- What is more important than saving lives?
- The members of the Commons Backbench Committee seems sympathetic this week when I asked for a debate on withdrawal from Afghanistan.
- The latest bleak news is more soldiers kill themselves that die in battle. That's true for American veterans of Afghanistan and the British veterans of the Falklands war. Yet Parliament stays silent. I spoke to the committee this Tuesday, supported by MPs Caroline Lucas, George Galloway, John Baron, Ronnie Campbell and Mark Durkin.
- The Netherlands and Canada have both pulled their combat troops to the safety of home soil. France and Australia have advanced their dates of withdrawal. We suffered two further deaths since last week bringing the total up to 419. Uncounted thousands return home broken in body or mind. Will it eventually be at least a further 419 suicides?
- The committee turned down the request. The two subjects that will be debated are
- A MOTION RELATING TO FISCAL MEASURES TO STRENGTHEN THE GREEN ECONOMY Followed by: DEBATE ON A MOTION RELATING TO THE APPOINTMENT OF A MINISTER FOR OLDER PEOPLE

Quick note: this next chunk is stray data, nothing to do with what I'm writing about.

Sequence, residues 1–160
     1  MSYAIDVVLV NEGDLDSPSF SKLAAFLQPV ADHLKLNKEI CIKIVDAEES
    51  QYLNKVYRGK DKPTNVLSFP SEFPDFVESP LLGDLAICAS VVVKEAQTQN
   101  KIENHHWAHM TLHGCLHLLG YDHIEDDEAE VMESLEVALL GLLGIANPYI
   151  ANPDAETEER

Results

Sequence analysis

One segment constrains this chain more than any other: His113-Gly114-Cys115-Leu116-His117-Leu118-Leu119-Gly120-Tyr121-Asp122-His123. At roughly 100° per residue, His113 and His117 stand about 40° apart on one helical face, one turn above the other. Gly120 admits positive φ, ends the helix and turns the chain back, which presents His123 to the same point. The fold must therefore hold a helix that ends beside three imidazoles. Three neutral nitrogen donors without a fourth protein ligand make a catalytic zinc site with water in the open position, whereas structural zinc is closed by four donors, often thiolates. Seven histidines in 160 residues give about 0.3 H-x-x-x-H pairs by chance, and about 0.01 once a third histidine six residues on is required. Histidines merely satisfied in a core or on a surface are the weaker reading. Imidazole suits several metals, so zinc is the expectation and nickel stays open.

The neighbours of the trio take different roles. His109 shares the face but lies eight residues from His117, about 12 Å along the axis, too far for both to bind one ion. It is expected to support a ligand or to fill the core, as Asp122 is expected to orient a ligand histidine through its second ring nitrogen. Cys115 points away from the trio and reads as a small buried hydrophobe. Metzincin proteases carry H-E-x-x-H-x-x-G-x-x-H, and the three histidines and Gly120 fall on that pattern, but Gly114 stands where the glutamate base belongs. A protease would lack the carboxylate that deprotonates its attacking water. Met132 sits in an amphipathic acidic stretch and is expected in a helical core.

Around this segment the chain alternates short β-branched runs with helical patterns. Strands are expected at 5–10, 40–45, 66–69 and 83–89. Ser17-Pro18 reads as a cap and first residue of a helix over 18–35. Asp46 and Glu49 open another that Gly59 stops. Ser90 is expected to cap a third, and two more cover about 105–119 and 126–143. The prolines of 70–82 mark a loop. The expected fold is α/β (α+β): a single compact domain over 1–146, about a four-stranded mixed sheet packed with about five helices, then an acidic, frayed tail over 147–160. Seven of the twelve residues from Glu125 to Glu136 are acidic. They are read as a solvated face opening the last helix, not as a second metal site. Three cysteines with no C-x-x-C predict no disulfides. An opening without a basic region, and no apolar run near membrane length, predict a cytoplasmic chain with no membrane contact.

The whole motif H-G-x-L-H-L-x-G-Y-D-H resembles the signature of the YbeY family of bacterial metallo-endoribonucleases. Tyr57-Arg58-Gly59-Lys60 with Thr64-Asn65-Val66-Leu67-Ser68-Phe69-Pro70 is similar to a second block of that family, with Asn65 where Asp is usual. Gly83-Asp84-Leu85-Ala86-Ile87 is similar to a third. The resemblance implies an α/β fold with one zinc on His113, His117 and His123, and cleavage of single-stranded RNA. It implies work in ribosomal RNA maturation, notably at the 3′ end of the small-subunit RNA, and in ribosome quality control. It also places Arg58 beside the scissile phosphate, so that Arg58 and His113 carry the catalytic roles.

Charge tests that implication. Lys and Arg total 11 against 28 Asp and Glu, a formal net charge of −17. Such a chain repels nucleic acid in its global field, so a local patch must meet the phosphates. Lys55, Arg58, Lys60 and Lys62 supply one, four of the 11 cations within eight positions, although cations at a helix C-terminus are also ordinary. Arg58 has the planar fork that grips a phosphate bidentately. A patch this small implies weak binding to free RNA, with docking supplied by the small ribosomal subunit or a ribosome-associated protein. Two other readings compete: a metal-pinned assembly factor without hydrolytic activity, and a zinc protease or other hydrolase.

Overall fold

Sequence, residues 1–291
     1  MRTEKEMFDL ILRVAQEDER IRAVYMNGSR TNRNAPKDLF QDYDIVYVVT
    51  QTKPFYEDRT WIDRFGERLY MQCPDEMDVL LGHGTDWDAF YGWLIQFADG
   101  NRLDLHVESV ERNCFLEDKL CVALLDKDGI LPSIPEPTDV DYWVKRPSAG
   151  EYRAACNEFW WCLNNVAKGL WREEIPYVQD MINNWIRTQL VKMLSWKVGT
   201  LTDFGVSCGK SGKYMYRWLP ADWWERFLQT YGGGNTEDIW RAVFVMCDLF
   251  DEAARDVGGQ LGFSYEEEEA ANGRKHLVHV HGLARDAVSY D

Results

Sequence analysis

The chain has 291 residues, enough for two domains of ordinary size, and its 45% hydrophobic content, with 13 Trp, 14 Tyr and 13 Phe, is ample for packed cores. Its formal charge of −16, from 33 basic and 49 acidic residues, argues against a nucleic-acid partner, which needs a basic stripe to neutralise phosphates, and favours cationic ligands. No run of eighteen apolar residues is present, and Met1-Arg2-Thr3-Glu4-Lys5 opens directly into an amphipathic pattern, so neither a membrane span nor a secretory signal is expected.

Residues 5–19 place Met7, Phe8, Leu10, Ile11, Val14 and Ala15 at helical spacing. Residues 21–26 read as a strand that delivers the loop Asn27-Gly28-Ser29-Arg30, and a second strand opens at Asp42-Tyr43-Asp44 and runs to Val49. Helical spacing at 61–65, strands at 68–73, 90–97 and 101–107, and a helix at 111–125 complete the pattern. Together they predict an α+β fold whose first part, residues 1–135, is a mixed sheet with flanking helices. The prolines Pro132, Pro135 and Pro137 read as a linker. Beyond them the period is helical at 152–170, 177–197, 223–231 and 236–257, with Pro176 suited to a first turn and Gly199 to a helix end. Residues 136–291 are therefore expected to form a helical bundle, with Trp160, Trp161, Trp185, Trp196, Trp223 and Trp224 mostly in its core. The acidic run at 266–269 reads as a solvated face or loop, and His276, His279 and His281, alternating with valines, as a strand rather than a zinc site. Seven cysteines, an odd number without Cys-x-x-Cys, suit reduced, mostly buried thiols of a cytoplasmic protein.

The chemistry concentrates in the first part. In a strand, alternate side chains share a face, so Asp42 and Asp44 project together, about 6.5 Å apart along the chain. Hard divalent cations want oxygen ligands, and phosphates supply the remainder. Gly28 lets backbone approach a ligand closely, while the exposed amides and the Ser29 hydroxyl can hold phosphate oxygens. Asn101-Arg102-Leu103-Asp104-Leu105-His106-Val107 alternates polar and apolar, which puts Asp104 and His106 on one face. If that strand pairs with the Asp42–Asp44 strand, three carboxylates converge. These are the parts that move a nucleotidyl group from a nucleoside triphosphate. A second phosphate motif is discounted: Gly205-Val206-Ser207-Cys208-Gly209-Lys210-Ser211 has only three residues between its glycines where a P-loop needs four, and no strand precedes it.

- The Government go blithely on, drunk on optimism and unhinged by wishful thinking. William Hague burbled his dream of a happy ending this week in answer to a question from me.
- All wars are tragic. The final days of each war mark the most futile deaths. Who will be the last British soldiers to die in Afghanistan for a politician's mistake?
As a greater number of American veterans of the Afghan war commit suicide than die in combat, and as uncounted thousands of our own troops return, broken in body and mind, should we not follow the example of Canada, Holland, France and Australia and bring our troops home at an earlier date than planned?
It is also important to remember the immense achievements of our troops in Afghanistan, who have helped to bring stability to areas of Afghanistan that would not otherwise have known it, and who have done so much to reduce the terrorism threat to this country and many others, and it is very important for that job to be completed, as we intend it to be, by the end of 2014. It is important to remember the achievements of our troops, and not just the problems that they encounter.